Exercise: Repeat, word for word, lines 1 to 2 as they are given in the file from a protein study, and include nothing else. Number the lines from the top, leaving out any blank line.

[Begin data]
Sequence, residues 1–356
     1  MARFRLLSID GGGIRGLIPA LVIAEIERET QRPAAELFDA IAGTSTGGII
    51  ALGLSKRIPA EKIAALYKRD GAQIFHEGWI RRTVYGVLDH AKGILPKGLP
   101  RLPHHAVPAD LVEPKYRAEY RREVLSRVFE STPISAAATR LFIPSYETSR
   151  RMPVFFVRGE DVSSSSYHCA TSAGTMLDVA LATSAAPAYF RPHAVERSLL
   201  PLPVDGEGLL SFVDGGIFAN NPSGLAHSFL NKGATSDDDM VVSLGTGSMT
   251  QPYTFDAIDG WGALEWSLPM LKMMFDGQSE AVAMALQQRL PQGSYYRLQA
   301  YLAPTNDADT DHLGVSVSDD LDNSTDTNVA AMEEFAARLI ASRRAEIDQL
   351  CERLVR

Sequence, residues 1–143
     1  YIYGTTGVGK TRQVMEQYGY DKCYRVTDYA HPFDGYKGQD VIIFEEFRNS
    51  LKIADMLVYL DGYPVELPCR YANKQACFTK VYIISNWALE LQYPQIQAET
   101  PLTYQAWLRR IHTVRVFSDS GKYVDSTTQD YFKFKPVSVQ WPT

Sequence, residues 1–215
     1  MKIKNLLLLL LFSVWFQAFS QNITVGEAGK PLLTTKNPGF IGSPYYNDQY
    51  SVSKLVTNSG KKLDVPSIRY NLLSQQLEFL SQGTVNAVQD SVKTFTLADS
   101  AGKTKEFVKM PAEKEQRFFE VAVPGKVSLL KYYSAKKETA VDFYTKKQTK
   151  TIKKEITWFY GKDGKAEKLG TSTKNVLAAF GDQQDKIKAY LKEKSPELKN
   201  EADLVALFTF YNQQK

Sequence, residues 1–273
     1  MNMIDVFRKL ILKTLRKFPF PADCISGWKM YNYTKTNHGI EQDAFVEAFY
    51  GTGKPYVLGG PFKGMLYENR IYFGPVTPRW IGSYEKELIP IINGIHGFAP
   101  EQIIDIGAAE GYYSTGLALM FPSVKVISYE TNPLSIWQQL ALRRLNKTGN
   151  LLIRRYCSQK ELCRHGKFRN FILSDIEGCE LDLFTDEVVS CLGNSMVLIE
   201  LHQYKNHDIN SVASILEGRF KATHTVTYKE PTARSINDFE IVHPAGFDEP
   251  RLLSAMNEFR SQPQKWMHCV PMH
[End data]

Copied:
Sequence, residues 1–356
     1  MARFRLLSID GGGIRGLIPA LVIAEIERET QRPAAELFDA IAGTSTGGII